Mask

…until my sister, ever tactless, said, 
“You’re assuming that you’re a great man.” 
And the words fled from the room, 
dodged the mad wheels of summer 
motor-cyclists, slapped the flags 
hoisted for the Labour Day Parade, 
ripped bunting from storefronts, 
skimmed like a skate up the Hudson, 
slid past the currents threatening 
to swallow them up; howled like a skin-
salted higue over the Brooklyn Bridge, 
rose higher, higher, wailing, drumming 
on windows no one would open. 

And I who’d helped him dream 
this greatness, could not speak. 
While his thick fingers stretched 
the accordion out like long, lost years. 
And he, pretending not to hear 
my sister’s words spoke on.

Brooding in every corner 
of the room, the lumbering shadow 
formed itself into a question: 
“Why? Why this? What way 
to reconcile my father, proud, erect, 
dressed in his well-pressed suits, 
keeping his Cadillac in mint condition? 
What way to understand the squalor 
he returned to every day? 
(MASK cont’d)

“No words,” she’d said, “there are no words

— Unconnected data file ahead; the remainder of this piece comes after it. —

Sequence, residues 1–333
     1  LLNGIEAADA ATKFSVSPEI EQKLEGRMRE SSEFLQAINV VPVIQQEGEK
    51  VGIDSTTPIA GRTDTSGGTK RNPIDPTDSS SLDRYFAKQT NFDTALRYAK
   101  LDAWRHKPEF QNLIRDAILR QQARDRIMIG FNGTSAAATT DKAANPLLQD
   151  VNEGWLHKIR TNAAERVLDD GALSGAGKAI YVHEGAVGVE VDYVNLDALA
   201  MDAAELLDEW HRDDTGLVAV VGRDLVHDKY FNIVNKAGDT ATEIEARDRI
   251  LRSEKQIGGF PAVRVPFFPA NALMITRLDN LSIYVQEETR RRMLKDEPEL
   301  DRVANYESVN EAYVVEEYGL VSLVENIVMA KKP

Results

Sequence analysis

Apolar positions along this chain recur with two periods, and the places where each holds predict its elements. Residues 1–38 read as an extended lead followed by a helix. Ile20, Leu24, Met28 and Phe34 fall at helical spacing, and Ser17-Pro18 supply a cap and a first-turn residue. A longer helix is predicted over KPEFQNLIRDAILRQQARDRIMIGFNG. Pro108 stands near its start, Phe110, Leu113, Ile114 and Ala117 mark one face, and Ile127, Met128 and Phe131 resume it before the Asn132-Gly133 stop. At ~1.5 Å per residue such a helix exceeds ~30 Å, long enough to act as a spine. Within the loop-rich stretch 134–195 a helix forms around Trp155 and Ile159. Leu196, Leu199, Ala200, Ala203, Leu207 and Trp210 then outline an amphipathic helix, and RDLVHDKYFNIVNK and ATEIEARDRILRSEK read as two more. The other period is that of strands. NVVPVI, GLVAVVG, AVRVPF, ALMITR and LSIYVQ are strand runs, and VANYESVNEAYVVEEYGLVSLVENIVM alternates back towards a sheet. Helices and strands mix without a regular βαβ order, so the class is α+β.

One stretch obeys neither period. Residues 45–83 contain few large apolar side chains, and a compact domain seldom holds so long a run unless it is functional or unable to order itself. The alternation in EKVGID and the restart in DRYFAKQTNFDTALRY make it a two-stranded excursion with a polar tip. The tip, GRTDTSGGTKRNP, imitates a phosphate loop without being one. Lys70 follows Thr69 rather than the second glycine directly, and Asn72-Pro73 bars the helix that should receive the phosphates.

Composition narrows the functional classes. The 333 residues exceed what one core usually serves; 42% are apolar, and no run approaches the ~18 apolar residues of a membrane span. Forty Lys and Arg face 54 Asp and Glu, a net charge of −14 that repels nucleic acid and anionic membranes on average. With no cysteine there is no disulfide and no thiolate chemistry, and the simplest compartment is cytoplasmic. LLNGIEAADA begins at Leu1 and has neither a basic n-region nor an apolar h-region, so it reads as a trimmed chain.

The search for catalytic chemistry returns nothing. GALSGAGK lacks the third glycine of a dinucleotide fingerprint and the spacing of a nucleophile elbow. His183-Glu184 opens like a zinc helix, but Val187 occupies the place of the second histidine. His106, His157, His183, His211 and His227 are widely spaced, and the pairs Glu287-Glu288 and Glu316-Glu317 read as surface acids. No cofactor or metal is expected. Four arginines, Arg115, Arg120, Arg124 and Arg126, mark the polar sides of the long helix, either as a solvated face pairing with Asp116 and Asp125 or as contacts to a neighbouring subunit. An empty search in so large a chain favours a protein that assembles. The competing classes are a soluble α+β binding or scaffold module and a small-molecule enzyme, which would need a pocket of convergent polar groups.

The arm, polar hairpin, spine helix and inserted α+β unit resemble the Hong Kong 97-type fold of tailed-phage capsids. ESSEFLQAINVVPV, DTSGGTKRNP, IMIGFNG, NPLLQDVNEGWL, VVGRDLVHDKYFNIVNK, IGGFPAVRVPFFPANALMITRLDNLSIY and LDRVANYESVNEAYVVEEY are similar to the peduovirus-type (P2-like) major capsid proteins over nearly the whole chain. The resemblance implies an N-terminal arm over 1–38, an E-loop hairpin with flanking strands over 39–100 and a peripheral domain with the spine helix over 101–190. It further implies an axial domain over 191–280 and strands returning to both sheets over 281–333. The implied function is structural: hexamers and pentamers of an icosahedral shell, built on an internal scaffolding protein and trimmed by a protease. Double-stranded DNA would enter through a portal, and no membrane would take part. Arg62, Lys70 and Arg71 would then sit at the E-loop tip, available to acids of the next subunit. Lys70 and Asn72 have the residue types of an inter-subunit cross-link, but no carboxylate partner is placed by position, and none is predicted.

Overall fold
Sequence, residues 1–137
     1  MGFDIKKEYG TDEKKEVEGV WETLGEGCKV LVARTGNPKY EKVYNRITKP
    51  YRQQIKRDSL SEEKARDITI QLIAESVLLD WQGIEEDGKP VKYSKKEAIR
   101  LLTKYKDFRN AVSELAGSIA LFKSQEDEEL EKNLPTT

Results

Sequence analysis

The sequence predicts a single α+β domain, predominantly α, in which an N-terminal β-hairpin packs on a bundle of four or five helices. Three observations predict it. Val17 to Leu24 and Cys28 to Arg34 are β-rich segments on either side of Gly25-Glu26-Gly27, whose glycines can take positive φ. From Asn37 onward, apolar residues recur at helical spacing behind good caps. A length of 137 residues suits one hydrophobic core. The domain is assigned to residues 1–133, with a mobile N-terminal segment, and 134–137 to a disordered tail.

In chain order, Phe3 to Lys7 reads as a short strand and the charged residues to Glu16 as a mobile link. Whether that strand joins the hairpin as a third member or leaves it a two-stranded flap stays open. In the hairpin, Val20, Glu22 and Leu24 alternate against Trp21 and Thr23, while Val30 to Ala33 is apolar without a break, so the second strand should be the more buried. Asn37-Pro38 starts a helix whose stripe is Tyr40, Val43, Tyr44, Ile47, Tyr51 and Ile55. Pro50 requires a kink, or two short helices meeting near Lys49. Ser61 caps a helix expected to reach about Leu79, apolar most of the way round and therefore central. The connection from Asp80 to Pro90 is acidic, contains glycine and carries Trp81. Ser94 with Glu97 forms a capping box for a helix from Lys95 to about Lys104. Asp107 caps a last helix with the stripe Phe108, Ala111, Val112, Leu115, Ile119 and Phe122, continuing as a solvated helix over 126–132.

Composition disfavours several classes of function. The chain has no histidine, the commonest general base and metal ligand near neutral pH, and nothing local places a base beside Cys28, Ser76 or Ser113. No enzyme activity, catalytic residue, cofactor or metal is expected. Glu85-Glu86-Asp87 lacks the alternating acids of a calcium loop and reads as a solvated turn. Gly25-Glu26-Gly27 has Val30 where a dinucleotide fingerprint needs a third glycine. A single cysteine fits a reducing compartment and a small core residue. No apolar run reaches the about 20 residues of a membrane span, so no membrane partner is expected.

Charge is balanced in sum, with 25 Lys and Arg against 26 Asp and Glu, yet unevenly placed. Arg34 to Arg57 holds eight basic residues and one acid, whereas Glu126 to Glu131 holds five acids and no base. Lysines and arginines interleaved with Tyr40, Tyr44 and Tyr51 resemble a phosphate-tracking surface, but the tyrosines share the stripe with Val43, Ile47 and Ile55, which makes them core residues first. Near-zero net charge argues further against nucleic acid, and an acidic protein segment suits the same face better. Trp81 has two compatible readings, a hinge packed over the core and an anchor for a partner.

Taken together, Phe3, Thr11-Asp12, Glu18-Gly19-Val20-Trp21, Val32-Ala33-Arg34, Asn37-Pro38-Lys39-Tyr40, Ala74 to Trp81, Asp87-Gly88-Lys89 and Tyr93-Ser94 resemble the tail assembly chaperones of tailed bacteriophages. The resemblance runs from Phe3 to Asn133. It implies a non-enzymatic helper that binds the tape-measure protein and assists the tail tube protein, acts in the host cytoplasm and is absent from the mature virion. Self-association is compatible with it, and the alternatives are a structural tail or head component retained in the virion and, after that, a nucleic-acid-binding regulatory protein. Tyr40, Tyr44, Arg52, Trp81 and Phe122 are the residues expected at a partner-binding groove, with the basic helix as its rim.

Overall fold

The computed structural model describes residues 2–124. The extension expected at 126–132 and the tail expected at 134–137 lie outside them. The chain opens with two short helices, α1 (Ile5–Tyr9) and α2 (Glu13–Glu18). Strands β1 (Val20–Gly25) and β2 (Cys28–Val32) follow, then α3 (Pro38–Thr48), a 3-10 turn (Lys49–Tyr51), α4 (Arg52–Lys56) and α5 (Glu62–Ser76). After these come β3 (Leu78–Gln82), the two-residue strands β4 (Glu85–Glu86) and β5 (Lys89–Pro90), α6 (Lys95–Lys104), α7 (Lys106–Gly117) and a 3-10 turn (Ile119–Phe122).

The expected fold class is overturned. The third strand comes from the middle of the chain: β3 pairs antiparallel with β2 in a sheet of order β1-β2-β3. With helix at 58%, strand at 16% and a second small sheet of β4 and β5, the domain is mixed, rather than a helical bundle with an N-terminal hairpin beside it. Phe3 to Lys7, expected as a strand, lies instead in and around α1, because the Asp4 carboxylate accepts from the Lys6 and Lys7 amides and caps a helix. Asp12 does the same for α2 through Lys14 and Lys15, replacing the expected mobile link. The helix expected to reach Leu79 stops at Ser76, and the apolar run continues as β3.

that can describe the horror. 
No wonder he has kept us out.” 

He’d finished his stories 
of illustrious men, their deprivations, 
great deeds they’d left behind them. 
He played his final, favourite hymn, 
finding the notes by instinct, as it seemed: 
“Now the day is over, night is drawing nigh. 
Shadows of the evening, steal across the sky.” 

How often had he looked into the shapes 
behind the shadows? How often had he seen, 
among whatever demons haunted him, 
his children, whom he said he’d loved 
and left so many years ago?
                     II
Perhaps for him another kind of greatness: 
to straddle two opposing worlds 
and find some foothold; to gaze
 into the heart of his own darkness, 
square his shoulders and walk on; 
never to say, “This punishment 
is more that I can bear.” 

Sitting this summer evening in this 
Brooklyn room my sister laboured 
to restore, what does it matter now? 
We look behind the mask/ and choose to love him still.  

 


from The Stone Gatherer (Peepal Tree, 2009), © Esther Phillips 2009, used by permission of the author and the publisher

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